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Malibu Teachers Protest District's Toxic Plans
Focus, Completeness and Transparency of Testing and Clean-Up Faulted
WASHINGTON - January 2 - Teachers in a contaminated school complex are challenging the effectiveness, scope and integrity of their district’s hurried effort to clean classrooms while ignoring the source or extent of an array of other toxic chemicals found on campus, according to a letter released today by Public Employees for Environmental Responsibility (PEER). The teachers are asking the district to discharge its current environmental consultant and open its arrangements to public review and input.
The Malibu Middle and High Schools and Juan Cabrillo Elementary School have been in an uproar since a group of 20 teachers wrote to the district about recent cases of thyroid cancer, rashes, migraines, hair loss and other health effects they believe arose from their work environment. That was followed by the discovery that the Santa Monica-Malibu Unified School District had removed tons of soil laced with organochlorine pesticides (chlordane and DDT), PCBs and other chemicals at levels well above safe levels back in 2011 without informing either parents or staff.
In the wake of these revelations and the adverse reactions they engendered, the district announced a hurried clean-up of several classroom areas. Despite a demand by concerned teachers represented by PEER that the district undertake a full site assessment which, at a minimum, meets U.S. Environmental Protection Agency protocols, the district took limited and conflicting actions by –
- Confining testing to PCBs found inside classroom caulk and fixtures, a wholly new concern that, while warranted because some samples exceeded federal standards, did not at all address the array of toxic chemicals found in soil across the campuses. No further soil testing has been done or is yet planned;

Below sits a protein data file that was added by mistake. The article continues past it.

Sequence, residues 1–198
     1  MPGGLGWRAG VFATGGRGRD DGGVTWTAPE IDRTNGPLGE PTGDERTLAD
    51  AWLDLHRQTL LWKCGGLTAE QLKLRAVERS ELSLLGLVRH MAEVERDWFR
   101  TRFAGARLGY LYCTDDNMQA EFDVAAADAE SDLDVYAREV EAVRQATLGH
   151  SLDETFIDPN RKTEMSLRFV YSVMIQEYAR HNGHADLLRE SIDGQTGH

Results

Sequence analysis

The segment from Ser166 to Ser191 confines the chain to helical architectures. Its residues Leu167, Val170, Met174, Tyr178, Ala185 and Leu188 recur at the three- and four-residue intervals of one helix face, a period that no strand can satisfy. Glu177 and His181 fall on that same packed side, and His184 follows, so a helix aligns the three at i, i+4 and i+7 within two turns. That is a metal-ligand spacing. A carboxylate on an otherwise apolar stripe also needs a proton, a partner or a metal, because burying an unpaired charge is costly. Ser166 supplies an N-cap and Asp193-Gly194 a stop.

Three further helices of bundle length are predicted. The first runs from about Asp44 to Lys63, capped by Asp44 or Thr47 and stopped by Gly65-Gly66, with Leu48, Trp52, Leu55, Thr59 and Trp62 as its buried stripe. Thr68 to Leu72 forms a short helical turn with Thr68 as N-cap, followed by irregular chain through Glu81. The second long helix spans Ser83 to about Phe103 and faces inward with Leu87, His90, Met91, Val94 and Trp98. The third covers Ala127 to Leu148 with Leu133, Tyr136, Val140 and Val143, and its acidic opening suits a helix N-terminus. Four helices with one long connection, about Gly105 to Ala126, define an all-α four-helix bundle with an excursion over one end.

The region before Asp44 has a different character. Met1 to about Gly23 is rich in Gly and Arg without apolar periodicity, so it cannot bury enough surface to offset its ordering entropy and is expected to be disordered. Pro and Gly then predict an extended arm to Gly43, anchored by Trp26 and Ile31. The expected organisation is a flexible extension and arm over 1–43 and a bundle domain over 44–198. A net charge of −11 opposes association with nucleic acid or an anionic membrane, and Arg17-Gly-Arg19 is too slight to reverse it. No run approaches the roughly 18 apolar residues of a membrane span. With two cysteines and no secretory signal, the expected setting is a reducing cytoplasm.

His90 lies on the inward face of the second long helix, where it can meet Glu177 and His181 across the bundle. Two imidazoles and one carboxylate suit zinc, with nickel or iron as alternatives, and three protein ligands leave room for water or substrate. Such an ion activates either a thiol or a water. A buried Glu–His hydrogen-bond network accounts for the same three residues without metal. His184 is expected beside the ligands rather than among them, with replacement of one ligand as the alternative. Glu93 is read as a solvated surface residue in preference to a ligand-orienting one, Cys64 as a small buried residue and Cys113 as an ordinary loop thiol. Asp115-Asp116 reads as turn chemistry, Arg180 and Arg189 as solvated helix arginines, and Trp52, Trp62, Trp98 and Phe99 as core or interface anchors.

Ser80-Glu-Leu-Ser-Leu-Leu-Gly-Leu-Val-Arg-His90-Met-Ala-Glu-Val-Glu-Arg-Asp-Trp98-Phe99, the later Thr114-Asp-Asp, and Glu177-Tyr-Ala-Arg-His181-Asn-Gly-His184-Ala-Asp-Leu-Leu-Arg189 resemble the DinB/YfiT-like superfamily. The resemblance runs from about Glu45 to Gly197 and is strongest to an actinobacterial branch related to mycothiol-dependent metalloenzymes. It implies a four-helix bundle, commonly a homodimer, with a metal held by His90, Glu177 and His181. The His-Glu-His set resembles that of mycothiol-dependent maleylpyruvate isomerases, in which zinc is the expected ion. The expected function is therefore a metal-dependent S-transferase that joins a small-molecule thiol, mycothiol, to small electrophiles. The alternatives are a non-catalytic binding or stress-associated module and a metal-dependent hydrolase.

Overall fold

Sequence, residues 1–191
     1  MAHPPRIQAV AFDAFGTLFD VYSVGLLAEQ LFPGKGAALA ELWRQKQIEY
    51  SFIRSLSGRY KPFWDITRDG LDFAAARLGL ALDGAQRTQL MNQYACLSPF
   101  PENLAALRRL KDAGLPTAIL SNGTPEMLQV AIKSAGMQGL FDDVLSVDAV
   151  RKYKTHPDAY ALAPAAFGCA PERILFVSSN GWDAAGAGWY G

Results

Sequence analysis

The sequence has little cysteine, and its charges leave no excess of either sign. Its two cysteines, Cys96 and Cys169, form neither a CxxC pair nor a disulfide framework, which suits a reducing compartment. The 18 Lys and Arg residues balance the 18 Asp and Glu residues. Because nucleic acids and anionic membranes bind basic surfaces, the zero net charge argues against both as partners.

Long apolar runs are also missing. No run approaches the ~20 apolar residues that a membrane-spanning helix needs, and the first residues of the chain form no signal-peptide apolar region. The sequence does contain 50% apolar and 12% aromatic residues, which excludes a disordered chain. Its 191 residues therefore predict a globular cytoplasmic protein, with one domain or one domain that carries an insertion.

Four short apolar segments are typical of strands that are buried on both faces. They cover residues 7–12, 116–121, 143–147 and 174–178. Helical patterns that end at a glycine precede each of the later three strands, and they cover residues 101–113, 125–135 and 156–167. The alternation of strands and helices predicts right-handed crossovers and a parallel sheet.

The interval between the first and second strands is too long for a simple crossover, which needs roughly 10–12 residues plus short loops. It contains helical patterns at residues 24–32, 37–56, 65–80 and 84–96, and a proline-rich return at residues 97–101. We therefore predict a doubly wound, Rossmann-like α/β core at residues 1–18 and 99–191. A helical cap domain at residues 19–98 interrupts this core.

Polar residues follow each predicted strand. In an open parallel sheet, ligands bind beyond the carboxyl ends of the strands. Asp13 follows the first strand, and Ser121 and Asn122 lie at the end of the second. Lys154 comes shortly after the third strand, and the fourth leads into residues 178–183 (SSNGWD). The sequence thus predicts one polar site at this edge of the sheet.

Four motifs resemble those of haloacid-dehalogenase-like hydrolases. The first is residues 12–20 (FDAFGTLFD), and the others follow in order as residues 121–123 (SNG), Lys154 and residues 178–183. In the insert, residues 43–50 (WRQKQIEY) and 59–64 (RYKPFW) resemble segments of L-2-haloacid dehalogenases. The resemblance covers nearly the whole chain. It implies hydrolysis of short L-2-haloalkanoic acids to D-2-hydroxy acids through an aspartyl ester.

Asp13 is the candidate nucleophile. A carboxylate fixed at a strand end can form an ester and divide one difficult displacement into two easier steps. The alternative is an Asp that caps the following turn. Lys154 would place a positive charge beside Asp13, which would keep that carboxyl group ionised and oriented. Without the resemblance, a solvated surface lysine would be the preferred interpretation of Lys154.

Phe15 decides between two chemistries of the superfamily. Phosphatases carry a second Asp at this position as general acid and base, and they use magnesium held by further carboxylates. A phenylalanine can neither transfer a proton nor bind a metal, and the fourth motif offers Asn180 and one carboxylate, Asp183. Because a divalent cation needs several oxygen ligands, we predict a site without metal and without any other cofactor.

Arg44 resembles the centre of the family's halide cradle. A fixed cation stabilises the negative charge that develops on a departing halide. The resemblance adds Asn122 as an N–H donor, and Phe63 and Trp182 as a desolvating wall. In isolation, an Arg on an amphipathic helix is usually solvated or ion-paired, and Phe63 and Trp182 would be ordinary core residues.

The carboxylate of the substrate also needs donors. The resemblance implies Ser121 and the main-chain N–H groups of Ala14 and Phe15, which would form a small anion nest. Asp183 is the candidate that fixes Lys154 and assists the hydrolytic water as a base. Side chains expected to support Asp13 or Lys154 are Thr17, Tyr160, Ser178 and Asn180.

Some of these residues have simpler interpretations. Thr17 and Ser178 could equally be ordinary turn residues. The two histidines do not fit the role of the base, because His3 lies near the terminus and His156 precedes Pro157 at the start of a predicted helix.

- Conducting air testing in classrooms with the windows open, rendering the tests useless; and
- Issuing a series of false and contradictory updates which left questions about what precisely was done, why and to what effect.
“None of what the district has done gets to the true nature and source of the contamination on campus,” stated PEER Senior Counsel Paula Dinerstein, noting that an environmental consultant engaged by the district appears to be impeding rather than aiding discovery of the actual condition. “PCB in caulk is a real issue but is being used to divert attention away from much broader contamination concerns.”
In today’s letter, the teachers protest the lack of transparency and seeming duplicity of Superintendent Sandra Lyon’s actions. They ask that copies of the contracts and communications with the district’s consultant and law firm be made public and that parents and teachers have a chance to review and comment upon bids for any future remediation work.
“The only way for the district to dispel what have become festering concerns is to start being completely transparent,” Dinerstein added. “While speed is important in addressing the contamination problems at the Malibu Schools, a hasty but ill-conceived, incomplete or inadequate plan will serve no one.”